We are social beings. It’s the way God created us to be. Many times in life, however, we’ll find ourselves discussing opposing views. Sadly, and especially nowadays, this often sparks confrontation, stress, arguments, unrest, and in worst cases, violence. It doesn’t have to be that way. Listening to others and sharing our own viewpoints is an integral part of the ebb and flow of life. It’s all about relationships, whether we engage in discussion with a spouse or other family member, a co-worker, friend or stranger.
Next time you are discussing opposing views, keep the following tips in mind. They’ll come in handy if your goal is to complete the discussion without tempers flaring or things getting out of hand.
Discussing opposing views is a good thing
It’s important to remember that it’s a good thing to be discussing opposing views. There may be times when someone gives you a fresh perspective. You may wind up changing your opinion after listening to other opinions and information. Even if you don’t, the fact that you and another person or group are willing to share ideas knowing that you’re operating under separate belief systems is a healthy and helpful activity.
It’s okay to agree to disagree
Do you really want to go through life being so close-minded that you refuse to hear out anyone whose opinion differs from yours? What good does it do? Instead, remember that it really is okay if you agree to disagree. You can still share your thoughts with one another and respectfully appreciate each other’s viewpoints. It’s better to accept the fact that neither of you will change the other’s mind than never to discuss a topic at all simply because you disagree.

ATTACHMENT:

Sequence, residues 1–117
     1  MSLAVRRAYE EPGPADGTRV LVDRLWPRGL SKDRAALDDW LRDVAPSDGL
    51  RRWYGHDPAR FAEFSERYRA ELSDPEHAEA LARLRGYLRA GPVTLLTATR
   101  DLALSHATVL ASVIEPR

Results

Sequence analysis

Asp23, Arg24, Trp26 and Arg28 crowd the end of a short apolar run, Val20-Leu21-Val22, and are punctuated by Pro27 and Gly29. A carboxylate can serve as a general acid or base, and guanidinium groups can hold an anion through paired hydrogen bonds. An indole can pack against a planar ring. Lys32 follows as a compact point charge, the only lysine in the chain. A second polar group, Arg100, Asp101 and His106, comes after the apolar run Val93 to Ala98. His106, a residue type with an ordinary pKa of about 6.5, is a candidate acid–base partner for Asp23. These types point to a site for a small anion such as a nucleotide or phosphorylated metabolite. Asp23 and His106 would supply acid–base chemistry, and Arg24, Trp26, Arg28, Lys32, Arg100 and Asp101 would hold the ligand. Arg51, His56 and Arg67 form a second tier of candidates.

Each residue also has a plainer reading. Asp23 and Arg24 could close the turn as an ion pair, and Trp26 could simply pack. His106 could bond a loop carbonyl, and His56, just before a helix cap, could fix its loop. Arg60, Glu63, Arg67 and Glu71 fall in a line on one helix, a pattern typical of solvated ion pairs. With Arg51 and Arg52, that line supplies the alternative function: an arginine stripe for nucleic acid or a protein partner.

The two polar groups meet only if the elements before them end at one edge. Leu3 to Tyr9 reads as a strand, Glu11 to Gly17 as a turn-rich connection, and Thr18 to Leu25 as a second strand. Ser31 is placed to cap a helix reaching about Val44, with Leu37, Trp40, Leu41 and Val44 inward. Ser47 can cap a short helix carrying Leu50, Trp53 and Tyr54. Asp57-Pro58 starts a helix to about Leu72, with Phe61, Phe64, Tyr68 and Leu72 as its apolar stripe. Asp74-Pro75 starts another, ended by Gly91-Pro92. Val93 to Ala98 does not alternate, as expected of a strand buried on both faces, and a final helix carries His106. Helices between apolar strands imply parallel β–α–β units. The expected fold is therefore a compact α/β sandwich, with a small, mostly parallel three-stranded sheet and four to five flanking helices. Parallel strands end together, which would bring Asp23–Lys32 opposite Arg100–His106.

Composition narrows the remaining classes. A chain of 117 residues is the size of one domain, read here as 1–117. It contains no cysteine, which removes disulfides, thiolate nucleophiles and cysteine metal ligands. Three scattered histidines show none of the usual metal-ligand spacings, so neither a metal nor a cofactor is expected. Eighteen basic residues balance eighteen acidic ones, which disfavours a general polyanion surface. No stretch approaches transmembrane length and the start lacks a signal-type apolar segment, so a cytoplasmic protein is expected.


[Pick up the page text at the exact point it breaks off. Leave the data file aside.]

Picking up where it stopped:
Find common ground when discussing opposing views
When discussing opposing views, it might be possible that there are one or more issues or ideas that you and the other person have in common. This is a basic negotiating skill in business. If you try to find issues you agree on and go from there, it makes the whole discussion less stressful. Finding a core issue where you are like-minded allows you to build the discussion from that point outward. If tensions begin to rise, you can keep returning to that central focus where you stand in agreement.
Always be humble and kind
It’s worth quoting Tim McGraw’s lyrics when discussing opposing views. If you are humble and kind, you can’t go wrong, even if you and another person disagree. If you feel tensions rising, take a break from the discussion, drink some water, take a short walk or step aside to spend a few moments in prayer. Better yet, pray together and ask God’s guidance to help keep your discussion amicable and peaceful.
Maybe it’s better to end the conversation
There are many complex or sensitive issues that evoke strong emotions on both sides. If you’re discussing opposing views, and you don’t feel that the conversation is progressing in a healthy manner, you might be better off ending the discussion altogether. Especially if someone is getting angry or is showing signs of aggression or unkindness, why keep the conversation going? Sometimes, it’s best not to.
Discussing opposing views isn’t always a “right or wrong” issue
Not every discussion has to include someone being right and the other person being wrong. Sometimes, there isn’t a right or wrong because you are merely sharing your personal opinions. The best way to avoid stress and confrontation is to remember from the start that it’s not about being right or winning an argument, it’s about learning to really listen to others and to be willing to share your own thoughts, even when you know the person you’re talking to doesn’t agree with you.
Everyone is entitled to an opinion and free speech
If you want to improve your skills when discussing opposing views, accept the fact that every person is free to form his or her own opinions, no matter the topic. You might not like what someone is saying. However, he or she is entitled to think or say or express his or her thoughts whether you agree or disagree. If you begin a discussion with that in mind, things are less likely to get out of hand.